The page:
I am curled into the bole of a birch tree, listening to the rain. Overhead, the wind soars in the tree tops like a rumour of the sea, heard in the distance beyond the curve of the land. A clatter of wood pigeons spills from one of the trees, grey silhouettes against a greyer sky. I flushed two deer as I walked through the wood, their white tails bobbing through the trees, and I am now alert to every snap and rustle in the undergrowth. It is dry here, beneath the overhanging limb of this tree, and the dense moss is soft beneath my elbow. Time stills as the evening gathers.
I leave the wood and walk back across a field of bog and sedge, the small young shoots of irises and horsetails emerging from the rank-smelling water. Snipe burst from the sedge in twos and threes. I watch them as they scatter across the bog, twisting from wing to wing in flight, teetering out of balance like a child learning to ride a bicycle. The sky is thickening to dusk, and a plume of jackdaws rises from the trees, heading for their evening roost. For a moment, I am completely here, completely happy, shin-deep in boggy water with a smurr of rain coating the side of my face.
A mile from my home, this tiny nature reserve, this eighteen acres of damp, peaty land, is my barometer for the changing seasons. The relationships we develop with local nature sites are complex, fluid. There are places that become somehow special to us, not necessarily because they are unique or exceptional, but perhaps because we know them so well, in all moods and weathers, in morning and evening light, in winter gales and summer rain. These places are our touchstones, our reminder that all is well in the natural world. They may be small, they may be unimportant as sites of national interest, but they are the green lungs of our modern lives. These are the untamed margins of the land, the periphery of our vision, the places we carry with us in our minds.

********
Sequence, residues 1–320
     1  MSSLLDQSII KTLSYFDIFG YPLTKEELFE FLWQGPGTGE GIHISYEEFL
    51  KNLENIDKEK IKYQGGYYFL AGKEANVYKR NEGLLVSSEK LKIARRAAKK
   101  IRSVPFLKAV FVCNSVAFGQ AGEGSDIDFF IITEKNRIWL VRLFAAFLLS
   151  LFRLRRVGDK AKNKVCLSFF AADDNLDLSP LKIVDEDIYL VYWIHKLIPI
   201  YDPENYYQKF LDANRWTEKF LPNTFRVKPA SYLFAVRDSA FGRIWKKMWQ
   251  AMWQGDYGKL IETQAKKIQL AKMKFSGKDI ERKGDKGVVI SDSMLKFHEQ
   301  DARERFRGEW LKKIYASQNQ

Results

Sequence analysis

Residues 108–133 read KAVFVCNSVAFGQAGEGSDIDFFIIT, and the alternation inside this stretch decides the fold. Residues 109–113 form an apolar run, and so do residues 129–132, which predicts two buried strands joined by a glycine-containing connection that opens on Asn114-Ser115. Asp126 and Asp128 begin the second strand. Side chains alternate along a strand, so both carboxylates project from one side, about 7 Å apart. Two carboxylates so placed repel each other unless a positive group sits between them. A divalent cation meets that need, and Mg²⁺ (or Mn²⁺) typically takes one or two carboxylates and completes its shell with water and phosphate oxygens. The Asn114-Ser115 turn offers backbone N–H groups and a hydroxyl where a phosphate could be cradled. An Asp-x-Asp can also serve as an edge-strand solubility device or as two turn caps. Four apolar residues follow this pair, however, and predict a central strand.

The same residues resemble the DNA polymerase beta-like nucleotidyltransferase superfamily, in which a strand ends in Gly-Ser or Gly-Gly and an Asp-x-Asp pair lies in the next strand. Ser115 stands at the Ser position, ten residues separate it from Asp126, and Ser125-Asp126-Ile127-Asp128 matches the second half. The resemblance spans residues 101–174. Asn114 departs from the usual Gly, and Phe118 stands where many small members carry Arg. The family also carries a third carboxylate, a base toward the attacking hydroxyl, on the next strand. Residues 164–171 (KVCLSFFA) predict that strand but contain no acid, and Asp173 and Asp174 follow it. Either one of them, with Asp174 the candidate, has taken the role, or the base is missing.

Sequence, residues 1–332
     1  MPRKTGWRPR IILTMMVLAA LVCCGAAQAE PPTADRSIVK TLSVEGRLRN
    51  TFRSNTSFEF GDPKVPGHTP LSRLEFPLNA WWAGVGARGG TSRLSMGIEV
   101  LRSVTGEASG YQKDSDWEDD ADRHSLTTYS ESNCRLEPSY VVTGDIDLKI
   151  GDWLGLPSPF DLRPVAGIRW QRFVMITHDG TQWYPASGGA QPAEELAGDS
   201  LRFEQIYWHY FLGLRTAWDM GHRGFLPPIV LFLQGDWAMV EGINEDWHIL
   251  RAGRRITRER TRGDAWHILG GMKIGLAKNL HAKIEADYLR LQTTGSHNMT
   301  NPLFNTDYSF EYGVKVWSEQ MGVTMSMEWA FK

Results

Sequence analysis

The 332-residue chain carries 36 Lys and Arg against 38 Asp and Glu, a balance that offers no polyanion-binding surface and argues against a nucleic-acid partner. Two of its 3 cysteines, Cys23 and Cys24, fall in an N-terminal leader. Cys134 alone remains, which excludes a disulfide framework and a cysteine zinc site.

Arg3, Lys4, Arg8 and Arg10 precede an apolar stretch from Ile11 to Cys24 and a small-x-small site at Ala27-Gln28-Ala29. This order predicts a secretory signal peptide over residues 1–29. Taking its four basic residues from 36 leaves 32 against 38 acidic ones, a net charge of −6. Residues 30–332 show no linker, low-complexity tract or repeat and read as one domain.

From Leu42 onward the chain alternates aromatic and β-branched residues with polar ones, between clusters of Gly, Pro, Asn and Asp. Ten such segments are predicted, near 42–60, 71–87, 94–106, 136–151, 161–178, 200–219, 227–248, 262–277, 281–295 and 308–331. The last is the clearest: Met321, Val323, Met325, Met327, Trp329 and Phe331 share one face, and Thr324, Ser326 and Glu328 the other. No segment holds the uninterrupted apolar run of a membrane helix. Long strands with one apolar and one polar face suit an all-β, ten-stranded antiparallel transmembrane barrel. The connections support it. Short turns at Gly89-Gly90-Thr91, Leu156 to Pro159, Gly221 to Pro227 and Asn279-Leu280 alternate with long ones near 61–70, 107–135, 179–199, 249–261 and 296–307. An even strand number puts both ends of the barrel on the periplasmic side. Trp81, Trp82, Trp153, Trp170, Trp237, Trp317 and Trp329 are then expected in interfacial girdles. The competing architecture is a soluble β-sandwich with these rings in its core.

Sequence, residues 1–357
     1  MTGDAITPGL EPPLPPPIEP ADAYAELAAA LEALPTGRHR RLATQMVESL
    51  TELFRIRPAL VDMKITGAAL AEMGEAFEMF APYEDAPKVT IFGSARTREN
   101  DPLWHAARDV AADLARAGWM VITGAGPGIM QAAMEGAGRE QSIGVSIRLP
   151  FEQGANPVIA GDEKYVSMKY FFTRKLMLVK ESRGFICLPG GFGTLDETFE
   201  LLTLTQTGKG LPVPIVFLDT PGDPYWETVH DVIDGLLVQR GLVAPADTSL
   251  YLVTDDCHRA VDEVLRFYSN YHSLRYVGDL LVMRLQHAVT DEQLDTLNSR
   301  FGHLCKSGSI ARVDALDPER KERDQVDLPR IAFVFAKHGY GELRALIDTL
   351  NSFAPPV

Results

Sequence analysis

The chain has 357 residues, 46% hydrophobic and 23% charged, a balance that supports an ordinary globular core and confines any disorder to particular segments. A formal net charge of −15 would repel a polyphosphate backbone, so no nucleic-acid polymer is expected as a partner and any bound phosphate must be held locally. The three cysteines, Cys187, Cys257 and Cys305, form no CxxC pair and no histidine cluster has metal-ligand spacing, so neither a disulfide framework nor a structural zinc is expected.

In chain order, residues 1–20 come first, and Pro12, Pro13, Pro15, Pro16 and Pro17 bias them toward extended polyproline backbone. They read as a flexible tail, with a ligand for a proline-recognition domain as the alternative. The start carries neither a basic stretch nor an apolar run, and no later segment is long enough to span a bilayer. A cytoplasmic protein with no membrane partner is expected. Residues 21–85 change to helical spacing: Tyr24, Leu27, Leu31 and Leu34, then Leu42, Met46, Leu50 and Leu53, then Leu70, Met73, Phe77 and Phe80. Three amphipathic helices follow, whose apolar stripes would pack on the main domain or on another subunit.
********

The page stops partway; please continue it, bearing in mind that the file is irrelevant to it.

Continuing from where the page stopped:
I think of the writer and mountaineer W.H. Murray, who wrote most of Mountaineering in Scotland whilst in a prisoner-of-war camp in Italy, drafted on sheets of rough toilet paper. I imagine him stretched on his hard mattress at night, tracing in his mind the ridges and corries of his native mountains, like a man in exile remembering the body of his lover, the curve of the bones beneath the skin. Memory of the land is like a remembered passion, a memory in the body rather than the mind; the feel and the texture of our local wild places, some sense of their smells and sounds. When I am in some foreign city, stifling in an airless hotel room, I remember the soft peaty earth of my local moss, the driving rain on my face. I carry it with me like a pebble to turn in my hands, my fingers remembering the touch of damp earth like an annunciation.